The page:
There is not, Jesus says emphatically, even a possibility, of His sheep ever perishing. Jesus uses the double negative construction to emphasize that the eternal life that He gives is not dependent on man’s self-determination, for man can fail. But rather, eternal life is the promise to those who He has justified, to those whose sins will never be counted against them, to those who have been imputed with the righteousness of Christ to their account. They are declared righteous and they, by no means, will ever perish—not even a possibility!

To be sure, the Apostle Paul saw justification as an essential and fundamental to true biblical Christianity. To deny justification through faith alone (viz. without additions or modifications) was the same as denying the deity of Christ! This is clearly seen in Paul’s letter to the Galatians. As we have seen above, the main purpose of Paul’s letter was to pointedly refute the heresy of the Judaizers (cf. Acts 15:1ff.; Gal. 1:6ff.). To add to God’s work—is to add to Scripture. “Who,” Paul rhetorically asks, “will bring a charge against God’s elect? . . . who is the one who condemns? . .” (Rom. 8:33-34).[3] Therefore, how can anyone undo the work of God? It is God alone, who declares the sinner eternally righteous, and hence justified.

 

Romans 5:1

Therefore having been justified through faith, we have peace with God through our Lord Jesus Christ (Rom. 5:1).

Paul constantly taught that justification comes not by works, formulas, or laws, but rather, a man is declared rightness before God through faith alone. Paul was theologically precise as to how the sinner is justified before the presence of God. Notice first that the sinner having been justified has peace with God. The participle dikaiōthentes, translated “having been justified,” is the aorist passive of dikaioō.[4] Grammatically, the aorist here tells us that the action of the participle dikaiōthentes (“having been justified”) was a past action (as rendered in most translations). Furthermore, the participle is in the passive voice. This indicates that the action of being justified was not by the sinner in any way (otherwise the verb would be in the active voice), but rather the justification was done to the sinner, in the past, which was solely a divine act of God (cf. Rom. 8:33). Thus, the ones having been justified now “have [echomen][5] peace [eirēnēn][6] with God [pros ton theon]” (emphasis added).

It is not the action or work of the sinner, which then results in justification, rather, Paul, simply affirms it is ek pisteōs (“through faith”). This is important to realize, that if Paul thought that “water baptism” or “works” were an aspect or a requirement of justification, he could have easily modified the clause to say, “Therefore since we have been justified by faith, baptism, and works, then let us have peace with God” (as in UPCI soteriology). Hence, “faith alone” is simply faith without additions or modifications. Justification is never deemed as a reward for meritorious works or performance, rather it is said to be a gift,[7] which cannot be earned. Paul was clear and consistent in all of his letters: justification is through faith alone, “apart from” works, any works. This is wonderful news. By faith alone the one God regenerated (“made alive”) has been legally declared righteous (justified) in the sight of God, whereby has present active and continuous peace, that is, final and permanent reconciliation and fellowship with God. In his solid exegesis of Romans, Wuest can say of this beautiful passage:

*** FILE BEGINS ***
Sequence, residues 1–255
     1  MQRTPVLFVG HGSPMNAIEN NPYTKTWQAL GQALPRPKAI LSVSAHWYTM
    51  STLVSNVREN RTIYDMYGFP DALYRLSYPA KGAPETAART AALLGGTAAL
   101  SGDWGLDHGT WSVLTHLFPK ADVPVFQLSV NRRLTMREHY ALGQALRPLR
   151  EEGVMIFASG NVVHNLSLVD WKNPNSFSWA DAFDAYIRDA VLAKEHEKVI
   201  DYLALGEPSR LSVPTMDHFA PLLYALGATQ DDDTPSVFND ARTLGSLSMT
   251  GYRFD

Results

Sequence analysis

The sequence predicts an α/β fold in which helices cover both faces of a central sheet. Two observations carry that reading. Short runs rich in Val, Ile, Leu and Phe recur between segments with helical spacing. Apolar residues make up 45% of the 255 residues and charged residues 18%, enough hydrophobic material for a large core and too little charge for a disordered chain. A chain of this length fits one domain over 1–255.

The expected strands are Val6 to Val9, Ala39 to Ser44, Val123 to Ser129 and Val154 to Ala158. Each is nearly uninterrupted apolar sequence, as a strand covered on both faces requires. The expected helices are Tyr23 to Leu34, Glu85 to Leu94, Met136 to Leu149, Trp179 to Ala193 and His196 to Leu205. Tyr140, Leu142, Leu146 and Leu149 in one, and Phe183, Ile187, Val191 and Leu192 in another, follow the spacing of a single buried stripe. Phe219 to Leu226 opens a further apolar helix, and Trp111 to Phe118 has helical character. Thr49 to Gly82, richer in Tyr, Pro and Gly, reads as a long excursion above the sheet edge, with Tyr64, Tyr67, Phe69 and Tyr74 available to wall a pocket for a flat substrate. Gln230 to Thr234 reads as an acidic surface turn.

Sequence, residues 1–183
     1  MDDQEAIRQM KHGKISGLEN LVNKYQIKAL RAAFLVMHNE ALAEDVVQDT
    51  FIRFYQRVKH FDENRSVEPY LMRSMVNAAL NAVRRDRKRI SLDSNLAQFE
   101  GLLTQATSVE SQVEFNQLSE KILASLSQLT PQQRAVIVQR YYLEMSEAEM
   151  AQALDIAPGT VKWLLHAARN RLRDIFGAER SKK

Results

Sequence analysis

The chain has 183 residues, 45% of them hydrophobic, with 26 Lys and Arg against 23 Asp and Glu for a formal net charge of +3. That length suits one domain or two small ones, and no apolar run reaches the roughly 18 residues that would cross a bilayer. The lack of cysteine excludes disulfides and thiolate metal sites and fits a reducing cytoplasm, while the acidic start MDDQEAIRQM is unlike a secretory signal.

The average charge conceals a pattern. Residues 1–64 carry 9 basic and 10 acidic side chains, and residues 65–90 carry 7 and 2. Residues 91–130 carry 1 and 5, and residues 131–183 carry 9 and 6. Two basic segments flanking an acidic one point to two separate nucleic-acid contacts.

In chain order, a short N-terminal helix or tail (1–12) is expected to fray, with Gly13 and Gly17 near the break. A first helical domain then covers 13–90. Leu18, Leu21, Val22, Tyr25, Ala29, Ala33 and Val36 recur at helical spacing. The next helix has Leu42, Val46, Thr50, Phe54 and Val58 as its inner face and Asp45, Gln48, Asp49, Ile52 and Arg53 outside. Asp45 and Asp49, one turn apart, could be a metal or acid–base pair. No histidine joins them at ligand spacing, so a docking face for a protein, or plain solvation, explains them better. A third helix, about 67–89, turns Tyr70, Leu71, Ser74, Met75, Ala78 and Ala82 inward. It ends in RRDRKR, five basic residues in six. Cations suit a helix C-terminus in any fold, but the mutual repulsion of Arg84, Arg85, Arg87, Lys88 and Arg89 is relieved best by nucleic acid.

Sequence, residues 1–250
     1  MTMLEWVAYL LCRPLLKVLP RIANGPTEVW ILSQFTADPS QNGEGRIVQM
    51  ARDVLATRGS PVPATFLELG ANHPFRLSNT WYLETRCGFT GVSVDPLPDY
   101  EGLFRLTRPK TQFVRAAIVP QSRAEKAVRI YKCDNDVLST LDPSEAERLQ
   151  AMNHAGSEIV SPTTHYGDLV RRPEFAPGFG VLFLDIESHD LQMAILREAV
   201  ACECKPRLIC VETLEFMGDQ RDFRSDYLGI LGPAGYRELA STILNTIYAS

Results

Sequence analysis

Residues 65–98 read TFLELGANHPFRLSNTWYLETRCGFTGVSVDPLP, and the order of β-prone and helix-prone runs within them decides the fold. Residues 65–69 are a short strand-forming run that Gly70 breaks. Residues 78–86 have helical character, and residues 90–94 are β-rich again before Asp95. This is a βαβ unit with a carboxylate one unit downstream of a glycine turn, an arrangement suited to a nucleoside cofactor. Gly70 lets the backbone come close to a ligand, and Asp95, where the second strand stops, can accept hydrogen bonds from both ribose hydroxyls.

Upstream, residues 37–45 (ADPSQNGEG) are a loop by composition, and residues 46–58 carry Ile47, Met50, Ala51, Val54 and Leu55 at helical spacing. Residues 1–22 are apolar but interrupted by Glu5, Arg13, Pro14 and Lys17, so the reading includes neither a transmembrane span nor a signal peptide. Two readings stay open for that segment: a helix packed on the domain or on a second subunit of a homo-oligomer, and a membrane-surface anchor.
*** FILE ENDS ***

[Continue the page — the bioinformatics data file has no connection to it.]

The word “therefore” reaches back to the contents of chapter four—therefore being justified, not by works (1-8), not by ordinances (9-12), not by obedience (13-25), but by faith, we have peace. The first three never give peace to the soul. Faith does . . . The context is didactic. It contains definite statements of fact. It is highly doctrinal in nature. It has to do with a sinner’s standing before God in point of law, not his experience. As Denney [James Denney, D. D.] says; “The justified have peace with God, . . . His wrath (1:18) no longer threatens them; they are accepted in Christ. It is not a change in their feelings which is indicated, but a change in God’s relation to them.[8]